In Revelation 5:1–7, we see Jesus depicted as both a lion and a lamb, seemingly polar opposites. Yet in Jesus, they’re not. He’s a Lion to conquer Satan (Revelation 20:10) and a Lamb to satisfy God’s justice by being sacrificed for our sins (John 1:29). And He’s no ordinary lamb. Though slain, this Lamb is still standing, bearing the wounds of His sacrifice, and He has seven horns and seven eyes (Revelation 5:6). Commentator Matthew Henry states that this series of seven (the perfect number) signifies “perfect power to execute all the will of God and perfect wisdom to understand it all and to do it in the most effectual manner.” Why? Because He has seven spirits of God: “He has received the Holy Spirit without measure, in all perfection of light, and life, and power, by which he is able to teach and rule all the earth.”

By |2021-12-29T08:06:05-05:00December 29th, 2021|
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Great Wisdom

Today's Devotional

Be merciful to those who doubt; save others by snatching them from the fire; to others show mercy, mixed with fear. Jude 1:22–23

“The shepherd needs great wisdom and a thousand eyes,” wrote the beloved church father John Chrysostom, “to examine the soul’s condition from every angle.” Chrysostom wrote these words as part of a discussion on the complexity of caring well for others spiritually. Since it’s impossible to force anyone to heal, he emphasized, reaching others’ hearts requires great empathy and compassion.

But that doesn’t mean never causing pain, Chrysostom cautioned, because “if you behave too leniently to one who needs deep surgery, and do not make a deep incision in one who requires it, you mutilate yet miss the cancer. But if you make the needed incision without mercy, often the patient, in despair at his sufferings, throws all aside . . . and promptly throws himself over a cliff.”

There’s a similar complexity in how Jude describes responding to those led astray by false teachers, whose behavior he describes starkly (1:12–13, 18–19). Yet when Jude turns to how to respond to such grave threats, he doesn’t suggest reacting with harsh anger.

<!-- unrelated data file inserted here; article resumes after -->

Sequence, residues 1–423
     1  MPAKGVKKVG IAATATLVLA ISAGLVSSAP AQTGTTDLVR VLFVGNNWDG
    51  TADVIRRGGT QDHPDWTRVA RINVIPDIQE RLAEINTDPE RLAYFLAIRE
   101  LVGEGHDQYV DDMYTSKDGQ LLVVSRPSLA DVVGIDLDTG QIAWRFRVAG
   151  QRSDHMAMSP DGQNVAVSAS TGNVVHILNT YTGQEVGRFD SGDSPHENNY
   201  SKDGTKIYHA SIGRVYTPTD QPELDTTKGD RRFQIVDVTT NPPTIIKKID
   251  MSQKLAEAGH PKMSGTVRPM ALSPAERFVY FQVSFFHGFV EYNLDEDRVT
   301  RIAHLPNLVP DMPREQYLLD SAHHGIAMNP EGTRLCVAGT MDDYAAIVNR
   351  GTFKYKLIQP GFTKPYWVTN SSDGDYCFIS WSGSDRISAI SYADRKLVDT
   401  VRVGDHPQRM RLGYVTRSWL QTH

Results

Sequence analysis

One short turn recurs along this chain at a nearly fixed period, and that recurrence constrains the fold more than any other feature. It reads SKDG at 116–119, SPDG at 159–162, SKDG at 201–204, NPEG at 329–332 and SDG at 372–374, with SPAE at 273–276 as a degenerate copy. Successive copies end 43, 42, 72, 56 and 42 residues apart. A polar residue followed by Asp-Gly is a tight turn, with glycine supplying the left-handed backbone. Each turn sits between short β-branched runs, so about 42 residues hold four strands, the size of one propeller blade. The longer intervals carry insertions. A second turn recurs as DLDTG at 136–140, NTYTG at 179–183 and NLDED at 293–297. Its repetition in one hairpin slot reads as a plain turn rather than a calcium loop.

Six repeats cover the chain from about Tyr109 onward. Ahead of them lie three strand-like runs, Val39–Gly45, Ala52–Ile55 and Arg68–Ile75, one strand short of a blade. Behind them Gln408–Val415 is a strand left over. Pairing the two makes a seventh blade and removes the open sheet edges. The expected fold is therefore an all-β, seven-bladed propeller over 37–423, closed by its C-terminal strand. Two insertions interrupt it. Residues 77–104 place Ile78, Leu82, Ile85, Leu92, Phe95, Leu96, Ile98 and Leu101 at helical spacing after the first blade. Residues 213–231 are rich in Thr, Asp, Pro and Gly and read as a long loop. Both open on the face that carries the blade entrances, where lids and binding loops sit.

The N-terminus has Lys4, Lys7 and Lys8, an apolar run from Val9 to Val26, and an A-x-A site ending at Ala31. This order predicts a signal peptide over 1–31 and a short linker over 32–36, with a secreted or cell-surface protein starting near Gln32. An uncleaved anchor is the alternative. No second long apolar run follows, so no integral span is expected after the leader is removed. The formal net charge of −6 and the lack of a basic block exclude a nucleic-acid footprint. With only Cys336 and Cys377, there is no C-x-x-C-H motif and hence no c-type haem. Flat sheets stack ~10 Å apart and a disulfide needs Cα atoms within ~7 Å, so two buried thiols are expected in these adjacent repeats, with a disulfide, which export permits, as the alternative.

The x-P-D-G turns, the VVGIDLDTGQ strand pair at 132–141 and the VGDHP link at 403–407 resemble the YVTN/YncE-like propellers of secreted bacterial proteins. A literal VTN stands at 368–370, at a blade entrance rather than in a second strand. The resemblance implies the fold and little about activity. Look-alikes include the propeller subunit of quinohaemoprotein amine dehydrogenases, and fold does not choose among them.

Instead, he taught that believers should respond to threats by rooting themselves even more deeply in God’s love (vv. 20–21). For it’s only when we’re deeply anchored in God’s unchanging love that we can find the wisdom to help others with appropriate urgency, humility, and compassion (vv. 22–23)—the way most likely to help them find healing and rest in God’s boundless love.

Why is it crucial to “[build yourself] up . . . in the Holy Spirit” (v. 20) before you respond to perceived threats? What examples have you seen of great wisdom and compassion used in helping someone in great pain?

God of love, when I’m faced with evil and hate, help me not to respond in kind but anchor myself in Your love. 


Written by Jude, the half-brother of Jesus, the book of Jude opens and closes with a charge or calling for believers to stand firmly in their faith (“contend for the faith,” v. 3). They are to build themselves up in “most holy faith” (v. 20). The context of Jude’s concern is false teachers whose primary failure is an ungodly way of life. The false teachers are unapologetic about their immoral choices, using the truth of God’s grace as “a license for immorality” (v. 4). Speaking to an audience presumably familiar with Jewish Scriptures, Jude recounts cautionary tales of the consequences of an immoral lifestyle, drawing from both Hebrew Scriptures and the book of 1 Enoch (vv. 14–15). First Enoch, while not part of our scriptural canon, would have been held in high regard by a Jewish audience.

By |2021-12-28T08:06:02-05:00December 28th, 2021|
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God’s Right Hand

Today's Devotional

I am the Lord your God who takes hold of your right hand and says to you, Do not fear; I will help you. Isaiah 41:13